All Strangers Here: diplomatic masters of language

Book review: Choice to include work by family members makes for a fascinating read

Máire Mhac an tSaoi with husband Conor Cruise O’Brien. All Strangers Here features 54 contributors, who are former or current officials of the Department of Foreign Affairs or family members who accompanied them overseas. Photograph: Photograph: Matt Kavanagh

Máire Mhac an tSaoi with husband Conor Cruise O’Brien. All Strangers Here features 54 contributors, who are former or current officials of the Department of Foreign Affairs or family members who accompanied them overseas. Photograph: Photograph: Matt Kavanagh

Sat, Nov 13, 2021, 06:00

   
     

Book Title:
All Strangers Here: 100 Years of Personal Writing from the Irish Foreign Service

ISBN-13:
9781851322480

Author:
Edited by Angela Byrne, Ragnar Deeney Almqvist and Helena Nolan

Publisher:
Arlen House

Guideline Price:
€25.00

“Throughout its first century, the Irish civil service has sheltered many fine writers,” Niall Burgess, secretary general at the Department of Foreign Affairs and Trade, remarks in his eloquent preface to this volume. More specifically, as the editors pithily note, “diplomacy attracts writers”.

This handsome new anthology from Arlen House features 54 contributors, who are former or current officials of the Department of Foreign Affairs or family members who accompanied them overseas. The contents are refreshingly eclectic: from memoir, essay and historical study to fiction and poetry (in Irish and English). An impressive 21 poets appear, ranging from those with well-known diplomatic careers and connections (Eavan Boland, Máire Mhac an tSaoi, Denis Devlin, Biddy Jenkinson, Valentin Iremonger) to recent fine writers such as Siobhán Campbell and Helena Nolan.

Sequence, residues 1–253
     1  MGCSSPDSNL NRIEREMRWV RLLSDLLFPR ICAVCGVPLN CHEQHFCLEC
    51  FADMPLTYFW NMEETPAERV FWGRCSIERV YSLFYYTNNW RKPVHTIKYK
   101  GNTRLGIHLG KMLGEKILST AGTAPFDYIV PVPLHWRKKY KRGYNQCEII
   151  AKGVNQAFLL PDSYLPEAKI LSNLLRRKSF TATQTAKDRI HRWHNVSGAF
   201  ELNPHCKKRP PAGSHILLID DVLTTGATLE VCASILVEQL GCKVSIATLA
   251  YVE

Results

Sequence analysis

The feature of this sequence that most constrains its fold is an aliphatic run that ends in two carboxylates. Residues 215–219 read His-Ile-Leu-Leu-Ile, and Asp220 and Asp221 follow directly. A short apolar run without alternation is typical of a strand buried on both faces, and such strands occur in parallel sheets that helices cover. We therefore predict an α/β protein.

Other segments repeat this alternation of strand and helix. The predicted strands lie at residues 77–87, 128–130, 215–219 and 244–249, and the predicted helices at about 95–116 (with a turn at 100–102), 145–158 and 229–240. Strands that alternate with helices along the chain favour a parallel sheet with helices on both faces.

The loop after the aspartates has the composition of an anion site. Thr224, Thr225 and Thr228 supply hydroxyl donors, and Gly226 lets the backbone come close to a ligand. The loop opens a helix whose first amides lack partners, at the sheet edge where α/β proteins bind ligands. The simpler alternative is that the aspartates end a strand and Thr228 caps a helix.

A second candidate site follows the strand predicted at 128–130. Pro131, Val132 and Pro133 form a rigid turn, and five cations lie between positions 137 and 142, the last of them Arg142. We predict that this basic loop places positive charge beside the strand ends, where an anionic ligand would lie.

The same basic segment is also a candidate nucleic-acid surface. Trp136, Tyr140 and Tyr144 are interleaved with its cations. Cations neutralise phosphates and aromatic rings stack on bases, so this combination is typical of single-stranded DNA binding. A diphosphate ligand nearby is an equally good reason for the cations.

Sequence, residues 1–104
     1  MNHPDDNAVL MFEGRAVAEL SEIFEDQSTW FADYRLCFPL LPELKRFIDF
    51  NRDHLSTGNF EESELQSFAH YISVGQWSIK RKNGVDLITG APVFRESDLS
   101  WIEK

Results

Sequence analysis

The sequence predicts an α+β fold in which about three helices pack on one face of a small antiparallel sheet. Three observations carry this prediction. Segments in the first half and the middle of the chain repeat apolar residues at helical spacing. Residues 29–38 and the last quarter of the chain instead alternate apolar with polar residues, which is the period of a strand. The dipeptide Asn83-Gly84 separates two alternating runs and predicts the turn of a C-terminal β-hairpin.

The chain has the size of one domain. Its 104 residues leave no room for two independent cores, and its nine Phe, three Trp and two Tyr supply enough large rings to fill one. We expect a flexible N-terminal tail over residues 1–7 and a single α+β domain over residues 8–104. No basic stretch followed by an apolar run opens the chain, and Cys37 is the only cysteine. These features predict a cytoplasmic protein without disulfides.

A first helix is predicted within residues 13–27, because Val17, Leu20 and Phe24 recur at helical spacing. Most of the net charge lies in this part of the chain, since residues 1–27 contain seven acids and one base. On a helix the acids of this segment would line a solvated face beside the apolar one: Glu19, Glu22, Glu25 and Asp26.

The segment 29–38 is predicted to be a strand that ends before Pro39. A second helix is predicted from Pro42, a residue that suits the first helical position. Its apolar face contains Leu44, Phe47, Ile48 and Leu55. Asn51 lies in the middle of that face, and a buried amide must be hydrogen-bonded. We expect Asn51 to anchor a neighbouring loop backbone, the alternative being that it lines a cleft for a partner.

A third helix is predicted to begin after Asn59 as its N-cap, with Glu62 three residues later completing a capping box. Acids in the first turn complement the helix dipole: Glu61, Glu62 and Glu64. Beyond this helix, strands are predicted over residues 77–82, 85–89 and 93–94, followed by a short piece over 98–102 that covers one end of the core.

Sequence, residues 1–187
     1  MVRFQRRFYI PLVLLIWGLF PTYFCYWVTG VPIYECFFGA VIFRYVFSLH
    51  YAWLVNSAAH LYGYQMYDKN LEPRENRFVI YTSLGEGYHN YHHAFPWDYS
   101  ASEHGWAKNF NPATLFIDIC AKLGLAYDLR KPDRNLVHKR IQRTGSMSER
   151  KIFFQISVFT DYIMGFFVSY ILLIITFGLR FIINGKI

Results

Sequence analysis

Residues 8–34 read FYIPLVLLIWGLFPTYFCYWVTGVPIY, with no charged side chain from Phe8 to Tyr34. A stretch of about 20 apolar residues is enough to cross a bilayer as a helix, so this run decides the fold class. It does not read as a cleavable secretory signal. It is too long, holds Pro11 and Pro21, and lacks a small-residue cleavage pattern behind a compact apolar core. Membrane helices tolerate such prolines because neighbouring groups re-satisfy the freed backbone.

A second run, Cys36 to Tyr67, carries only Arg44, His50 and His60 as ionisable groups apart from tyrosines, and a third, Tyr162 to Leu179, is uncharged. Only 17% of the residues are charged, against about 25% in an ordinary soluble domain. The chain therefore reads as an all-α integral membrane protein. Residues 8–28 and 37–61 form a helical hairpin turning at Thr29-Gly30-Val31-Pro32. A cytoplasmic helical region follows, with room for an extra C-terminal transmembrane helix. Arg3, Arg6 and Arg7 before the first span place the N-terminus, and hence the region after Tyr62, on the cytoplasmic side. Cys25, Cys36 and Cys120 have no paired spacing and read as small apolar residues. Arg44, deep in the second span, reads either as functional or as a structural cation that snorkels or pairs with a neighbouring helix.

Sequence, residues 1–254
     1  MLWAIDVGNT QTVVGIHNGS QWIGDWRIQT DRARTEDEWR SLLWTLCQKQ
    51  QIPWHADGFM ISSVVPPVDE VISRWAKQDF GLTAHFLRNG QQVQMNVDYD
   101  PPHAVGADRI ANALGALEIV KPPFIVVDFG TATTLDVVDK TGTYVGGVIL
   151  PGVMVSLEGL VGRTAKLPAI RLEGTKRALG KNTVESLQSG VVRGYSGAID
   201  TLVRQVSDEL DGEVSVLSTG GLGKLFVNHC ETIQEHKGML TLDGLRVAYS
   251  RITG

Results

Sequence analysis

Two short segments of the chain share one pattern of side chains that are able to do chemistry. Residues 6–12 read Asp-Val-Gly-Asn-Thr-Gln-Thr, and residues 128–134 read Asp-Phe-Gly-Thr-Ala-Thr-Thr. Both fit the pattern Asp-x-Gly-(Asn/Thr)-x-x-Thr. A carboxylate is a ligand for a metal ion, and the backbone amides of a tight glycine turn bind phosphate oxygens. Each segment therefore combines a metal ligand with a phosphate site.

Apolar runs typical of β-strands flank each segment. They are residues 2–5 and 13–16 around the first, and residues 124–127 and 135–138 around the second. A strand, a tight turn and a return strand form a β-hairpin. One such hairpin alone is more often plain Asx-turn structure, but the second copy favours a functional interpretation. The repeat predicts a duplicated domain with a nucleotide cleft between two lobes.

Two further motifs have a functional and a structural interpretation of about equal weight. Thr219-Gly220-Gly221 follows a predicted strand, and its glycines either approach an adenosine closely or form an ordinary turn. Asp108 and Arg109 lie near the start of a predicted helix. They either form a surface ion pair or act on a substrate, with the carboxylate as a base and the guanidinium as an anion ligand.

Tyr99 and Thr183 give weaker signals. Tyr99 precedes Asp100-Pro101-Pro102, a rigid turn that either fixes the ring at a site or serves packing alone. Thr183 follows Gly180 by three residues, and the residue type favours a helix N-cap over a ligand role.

While initially surprising, the choice to include work also by family members brings not only rich individual contributions but also fascinating clusters: Maeve and Robert Brennan; three members of the McDonagh family including Róisín (O’Doherty) McDonagh, who joined the department in 1947, had to resign on marriage to another diplomat, Bob McDonagh, and published children’s novels in Irish in the 1960s; Mhac an tSaoi, her step-daughter Kate Cruise O’Brien and husband Conor Cruise O’Brien.

The subtitle of the anthology emphasises – for diplomatic reasons, one surmises – that this is a volume of “personal” writing; in other words, imaginative and creative. However, one of the central pleasures of the collection is that the lines between the private and political, and between the professional and the personal, are so porous.

A short poem such as Devlin’s Anteroom: Geneva, set in 1938, is a powerful example of the layers of history, intrigue and failure that underlie a quiet observation: “Their mutual shirt fronts gleamed in a white smile/The electorate at breakfast approved of the war for peace”. Similarly, Jenkinson’s Sráideanna Sarajevo describes the wall of a shop honeycombed with bullets (“Falla an tsiopa/criathraithe ag piléir”).

Some tantalisingly brief geo-political insights are provided from those who witnessed from behind the scenes: an early, chilling instance is Daniel Binchy’s remarks on Adolf Hitler; other examples include Noel Dorr’s recollections of Ireland’s first contributions to UN peacekeeping and Sinéad Walsh’s piece on the Ebola epidemic. The volume ends with a welcome chronology of publications and detailed bibliography for much further reading.

Margaret Kelleher is chair of Anglo-Irish Literature and Drama at University College Dublin